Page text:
Long Tack Sam
|Long Tack Sam|
|Born||Lung Te Shan|
September 16, 1884
|Died||August 7, 1961 (age 76) |
Long Tack Sam (1884-1961) was a world renowned magician, acrobat, and Vaudeville performer born in Northern China.
Comedian George Burns called him "the greatest act in all of vaudeville." Orson Welles considered him one of his mentors. Long Tack Sam was friends with all the famous names of magic during his time, like Houdini, Malini, Leipzig, and Vernon.
His magnificently dressed troupe played major cities across the globe in the early 1900's. On his first visit to the U.S. his troupe became the opening act for the Marx Brothers at the Palace Theatre in NYC. In fact, his act had the honor of performing at the Palace on 7 different occasions, more than any act in the history of the Palace.
His troupe went by many names of the years, Ten Kwais Troupe, The Imperial Pekinese Troupe and then eventually just by his name Long Tack Sam. The group of artists included acrobats, jugglers, dancers and of course Sam and his magic and comedic antics. He was known to be a master mimic and could speak in different dialects and languages. His magic include the Linking Rings, Rice Bowls, Doll’s House Illusion and his most famous feat, the production of a large bowl of water with fish. What made Sam’s presentation unique is that he did an in-air somersault just prior to the production. This flip in the air made the trick more impossible in appearance but also extremely difficult to perform.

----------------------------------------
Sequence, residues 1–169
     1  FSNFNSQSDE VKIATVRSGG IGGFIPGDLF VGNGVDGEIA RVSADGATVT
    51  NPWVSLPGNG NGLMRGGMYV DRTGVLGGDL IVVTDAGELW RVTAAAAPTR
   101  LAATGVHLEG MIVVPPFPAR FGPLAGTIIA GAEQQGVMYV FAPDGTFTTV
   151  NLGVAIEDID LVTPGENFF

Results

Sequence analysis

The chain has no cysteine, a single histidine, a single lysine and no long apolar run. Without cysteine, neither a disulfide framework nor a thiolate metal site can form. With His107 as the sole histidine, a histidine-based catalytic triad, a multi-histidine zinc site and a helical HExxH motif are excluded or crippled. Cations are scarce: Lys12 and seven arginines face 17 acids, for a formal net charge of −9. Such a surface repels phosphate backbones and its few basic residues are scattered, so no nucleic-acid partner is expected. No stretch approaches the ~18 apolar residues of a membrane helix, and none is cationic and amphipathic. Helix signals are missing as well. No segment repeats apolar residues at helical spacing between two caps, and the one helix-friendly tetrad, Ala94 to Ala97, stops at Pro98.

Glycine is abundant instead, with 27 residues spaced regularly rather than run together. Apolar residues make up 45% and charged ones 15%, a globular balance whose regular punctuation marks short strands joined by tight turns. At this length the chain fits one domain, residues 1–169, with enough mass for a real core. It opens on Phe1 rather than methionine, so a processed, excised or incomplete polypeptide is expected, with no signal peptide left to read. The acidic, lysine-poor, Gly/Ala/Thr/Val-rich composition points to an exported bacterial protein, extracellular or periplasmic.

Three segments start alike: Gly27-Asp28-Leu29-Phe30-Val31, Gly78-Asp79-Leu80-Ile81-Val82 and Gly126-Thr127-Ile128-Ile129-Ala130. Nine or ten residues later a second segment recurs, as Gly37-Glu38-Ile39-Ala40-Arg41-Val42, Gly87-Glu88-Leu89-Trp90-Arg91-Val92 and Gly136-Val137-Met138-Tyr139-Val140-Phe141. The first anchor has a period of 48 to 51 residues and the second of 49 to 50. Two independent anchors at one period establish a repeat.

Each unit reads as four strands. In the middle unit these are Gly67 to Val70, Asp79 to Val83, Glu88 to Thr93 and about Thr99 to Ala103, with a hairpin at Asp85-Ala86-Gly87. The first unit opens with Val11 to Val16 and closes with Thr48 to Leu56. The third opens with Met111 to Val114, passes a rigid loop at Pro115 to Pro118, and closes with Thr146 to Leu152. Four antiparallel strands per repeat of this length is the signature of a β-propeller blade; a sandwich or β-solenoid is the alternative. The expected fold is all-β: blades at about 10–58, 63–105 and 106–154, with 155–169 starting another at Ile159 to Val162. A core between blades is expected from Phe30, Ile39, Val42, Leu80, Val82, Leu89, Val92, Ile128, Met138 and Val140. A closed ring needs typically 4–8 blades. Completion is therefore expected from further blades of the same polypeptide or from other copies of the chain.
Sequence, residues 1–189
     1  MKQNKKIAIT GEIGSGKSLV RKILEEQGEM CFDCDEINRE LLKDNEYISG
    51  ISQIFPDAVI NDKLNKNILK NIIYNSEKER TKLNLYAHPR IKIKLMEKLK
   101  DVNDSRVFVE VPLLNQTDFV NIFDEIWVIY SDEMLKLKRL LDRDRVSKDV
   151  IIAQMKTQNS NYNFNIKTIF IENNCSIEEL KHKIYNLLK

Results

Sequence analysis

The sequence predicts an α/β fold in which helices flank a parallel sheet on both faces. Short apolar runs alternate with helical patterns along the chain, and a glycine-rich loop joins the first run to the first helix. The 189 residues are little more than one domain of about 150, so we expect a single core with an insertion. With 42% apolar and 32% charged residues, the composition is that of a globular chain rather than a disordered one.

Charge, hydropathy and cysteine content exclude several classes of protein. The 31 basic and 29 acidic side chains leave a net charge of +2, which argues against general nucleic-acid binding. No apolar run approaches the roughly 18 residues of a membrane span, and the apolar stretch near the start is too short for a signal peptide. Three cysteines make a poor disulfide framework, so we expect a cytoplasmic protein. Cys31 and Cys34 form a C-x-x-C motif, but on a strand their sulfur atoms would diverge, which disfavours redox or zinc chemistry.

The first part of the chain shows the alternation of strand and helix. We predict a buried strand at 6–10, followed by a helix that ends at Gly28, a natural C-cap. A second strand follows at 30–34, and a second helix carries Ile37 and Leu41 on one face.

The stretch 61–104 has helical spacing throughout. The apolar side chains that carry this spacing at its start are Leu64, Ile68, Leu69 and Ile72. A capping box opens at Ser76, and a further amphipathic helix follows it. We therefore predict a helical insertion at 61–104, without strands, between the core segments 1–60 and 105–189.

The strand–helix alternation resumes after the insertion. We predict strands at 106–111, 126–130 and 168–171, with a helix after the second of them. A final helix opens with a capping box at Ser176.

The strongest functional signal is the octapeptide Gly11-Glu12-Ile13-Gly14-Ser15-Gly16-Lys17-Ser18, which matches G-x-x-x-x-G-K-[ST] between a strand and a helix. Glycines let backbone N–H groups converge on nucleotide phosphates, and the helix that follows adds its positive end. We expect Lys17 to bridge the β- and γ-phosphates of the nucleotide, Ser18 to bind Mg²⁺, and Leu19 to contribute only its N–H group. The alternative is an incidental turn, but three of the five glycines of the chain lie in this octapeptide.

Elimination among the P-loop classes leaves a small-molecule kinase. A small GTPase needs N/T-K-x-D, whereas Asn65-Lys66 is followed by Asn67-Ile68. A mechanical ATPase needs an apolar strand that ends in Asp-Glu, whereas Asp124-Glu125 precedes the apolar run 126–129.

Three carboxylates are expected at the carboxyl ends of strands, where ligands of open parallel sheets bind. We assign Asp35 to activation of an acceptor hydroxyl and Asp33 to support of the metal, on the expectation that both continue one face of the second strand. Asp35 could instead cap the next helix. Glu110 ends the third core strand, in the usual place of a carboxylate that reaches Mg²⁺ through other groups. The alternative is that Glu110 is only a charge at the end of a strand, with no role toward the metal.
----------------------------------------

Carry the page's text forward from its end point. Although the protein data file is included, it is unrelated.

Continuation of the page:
Long Tack Sam performed all over the globe, but his favorite place to perform was Australia. Some even thought he was part Australian, probably due to his ability to mimic the language. Sam married an Austrian woman and they had three children, Mina, Poldi and Bobbie. The two daughters were both members of his cast, known by their stage names Meena and Neesa. Bobbie never became a member of the company.
In 1922 he became a member of Houdini's Magicians Club. Sam came out of retirement in 1958 to M.C. a show for the S.A.M. at the Roxy Theatre in NYC. He spent his last years in Linz, Austria, the hometown of his bride Leopoldini (known as Poldi). Long Tack Sam died in 1961 at the age of 76. Poldi died one year later.
The greatest source of historical information we have of the performer's life comes from a Canadian documentary The Magical Life of Long Tack Sam. Written, directed, researched and animated by Long Tack Sam's great-granddaughter Ann Marie Fleming, the story is an in-depth research of the man's life. Through six years of research and traveling the world to interview relatives, professional acrobats, and magic historians, Fleming uncovers many missing holes in the historical record of her great grandfather's life.
In September 2007, The Magical Life of Long Tack Sam - an Illustrated Memoir by Ann Marie Fleming was published by Riverhead Books, a division of Penguin Publishing. The book expands on the information in the biographical film, and puts Long Tack Sam's life in a more historical context.
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